Make the move to communicate and for all that is holy, do NOT fuck with other people’s money. It is inordinately rude and disrespectful to think that I – or the person that you’ve hired to do a job – does not have bills to pay and mouths to feed just like you. And know that this is coming from someone today who realized over the weekend that she had not paid her attorney’s bill for her latest contract revisions (yeah, the ones that help me get paid and legally protected). He will receive an email today, including a check number that’s in the mail, with the explanation that I’m an idiot and spaced it.
Ask for help
I think that we all have the tendency to operate in Can’t You Read My Mind? land all too often. We assume that our clients work the same way we do and their terms are the same as ours. Ask your clients and your vendors for help.
Some questions and things to ask of and share with new vendors:
- Is there anything you need from me administratively prior to commencing work? Vendor agreements, W9s, NDAs or the like?
- My billing/payment terms are _______. Do you agree to those terms?
- I have a standard contract for services. We can’t commence until that’s mutually signed and on file.
- If you don’t have one of these, please refer to this video. Jesus.
- Do you have any questions about the contract?
- How do you prefer communications: phone or email?
Stop thinking that the people with whom you do business can read your mind. Because they can’t. Nor will they ever be able.
This goes back to the whole down-periscope pet peeve, but one thing I’m proud of with my business is the openness of my dealings between contractors and clients. They are bcc’d on billing inquiries when that inquiry affects their cash flow. They are asked how they prefer to be paid. I explain what’s going on with every account and they are brought to meetings as required. I give them a lot of leeway to accomplish their tasks and in return, I ask for work that is the same quality I myself would produce.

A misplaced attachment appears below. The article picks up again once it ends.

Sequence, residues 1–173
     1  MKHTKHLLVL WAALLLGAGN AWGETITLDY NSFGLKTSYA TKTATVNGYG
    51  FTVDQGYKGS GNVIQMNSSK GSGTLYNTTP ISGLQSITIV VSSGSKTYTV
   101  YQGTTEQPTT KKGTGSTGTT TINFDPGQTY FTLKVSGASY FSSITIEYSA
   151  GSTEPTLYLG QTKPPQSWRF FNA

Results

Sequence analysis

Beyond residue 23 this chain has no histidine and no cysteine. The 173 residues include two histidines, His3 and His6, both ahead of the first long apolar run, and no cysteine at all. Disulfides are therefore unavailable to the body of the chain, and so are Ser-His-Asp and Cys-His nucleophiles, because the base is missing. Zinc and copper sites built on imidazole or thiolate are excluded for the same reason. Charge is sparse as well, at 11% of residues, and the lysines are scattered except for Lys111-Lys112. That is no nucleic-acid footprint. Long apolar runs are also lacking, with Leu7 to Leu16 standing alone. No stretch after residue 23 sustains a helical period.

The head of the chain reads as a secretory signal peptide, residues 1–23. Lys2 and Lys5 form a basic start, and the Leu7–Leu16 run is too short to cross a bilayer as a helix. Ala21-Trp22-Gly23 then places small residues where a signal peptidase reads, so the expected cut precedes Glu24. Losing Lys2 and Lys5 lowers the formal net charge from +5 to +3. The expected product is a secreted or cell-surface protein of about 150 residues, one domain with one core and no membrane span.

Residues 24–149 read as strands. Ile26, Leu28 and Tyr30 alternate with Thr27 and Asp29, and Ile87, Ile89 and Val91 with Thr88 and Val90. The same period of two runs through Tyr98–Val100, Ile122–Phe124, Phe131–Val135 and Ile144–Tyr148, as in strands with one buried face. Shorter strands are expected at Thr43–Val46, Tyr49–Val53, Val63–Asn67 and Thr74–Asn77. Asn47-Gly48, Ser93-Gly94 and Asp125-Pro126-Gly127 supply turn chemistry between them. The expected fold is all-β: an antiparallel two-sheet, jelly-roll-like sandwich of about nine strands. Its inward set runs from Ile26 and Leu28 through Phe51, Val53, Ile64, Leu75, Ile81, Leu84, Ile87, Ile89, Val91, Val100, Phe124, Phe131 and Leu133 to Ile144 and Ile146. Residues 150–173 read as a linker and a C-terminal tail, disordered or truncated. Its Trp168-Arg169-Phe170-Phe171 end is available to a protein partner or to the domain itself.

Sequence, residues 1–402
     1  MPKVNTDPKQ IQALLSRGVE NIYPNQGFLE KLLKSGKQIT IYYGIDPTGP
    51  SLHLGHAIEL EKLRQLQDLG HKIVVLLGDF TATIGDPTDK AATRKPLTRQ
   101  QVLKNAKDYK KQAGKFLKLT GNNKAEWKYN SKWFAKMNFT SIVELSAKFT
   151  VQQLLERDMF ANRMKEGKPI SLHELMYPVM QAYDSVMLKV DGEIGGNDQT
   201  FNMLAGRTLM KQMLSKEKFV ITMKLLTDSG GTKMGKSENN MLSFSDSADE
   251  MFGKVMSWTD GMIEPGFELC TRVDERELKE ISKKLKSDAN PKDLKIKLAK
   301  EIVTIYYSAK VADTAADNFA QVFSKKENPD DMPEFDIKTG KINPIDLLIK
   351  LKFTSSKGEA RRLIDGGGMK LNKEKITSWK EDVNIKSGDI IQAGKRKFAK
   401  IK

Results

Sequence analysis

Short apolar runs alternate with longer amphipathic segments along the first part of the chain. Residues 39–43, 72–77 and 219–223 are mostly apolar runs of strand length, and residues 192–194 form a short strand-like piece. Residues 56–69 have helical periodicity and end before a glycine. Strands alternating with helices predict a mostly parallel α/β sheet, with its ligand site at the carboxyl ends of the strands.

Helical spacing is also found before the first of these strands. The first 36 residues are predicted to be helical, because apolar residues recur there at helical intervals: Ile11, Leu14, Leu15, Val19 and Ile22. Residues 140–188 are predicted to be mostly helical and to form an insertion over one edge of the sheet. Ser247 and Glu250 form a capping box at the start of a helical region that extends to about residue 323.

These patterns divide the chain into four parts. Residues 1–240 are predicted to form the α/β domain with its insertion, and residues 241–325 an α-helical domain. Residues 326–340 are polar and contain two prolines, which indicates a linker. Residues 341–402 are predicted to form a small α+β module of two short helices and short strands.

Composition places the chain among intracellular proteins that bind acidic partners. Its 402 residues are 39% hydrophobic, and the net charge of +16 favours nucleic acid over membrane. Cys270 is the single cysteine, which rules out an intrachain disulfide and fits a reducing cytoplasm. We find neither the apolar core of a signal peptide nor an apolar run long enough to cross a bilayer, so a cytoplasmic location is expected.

On the other side of the equation, I never glaze over a client’s question. If they become excessive outside a scope of work, I explain that we’re entering Consultingville and we should schedule a session as 73 two-line emails isn’t a way around paying for an hour of my time. I reach out when there is no reason other than to say hello or pass on a cool article and I make sure that their life events, such as a new baby, marriage, loss, business expansion and the like never go unnoticed.
Communication isn’t about what you say. Rather, it’s about what you don’t. Silence is telling and we can all tell the difference between radio silence (bad) and I’m here if you need me – hope all is well.
So that’s my list on how to be a better vendor. I’d love to hear what you have to add, as most of these ideas came from the comments on 19 Things I Wish I Knew Before I Started My Business. Now go forth, leave the asshat business behavior behind and do good business. There’s no better compliment to receive than, “I really appreciate working with you, because you make doing business a pleasure.”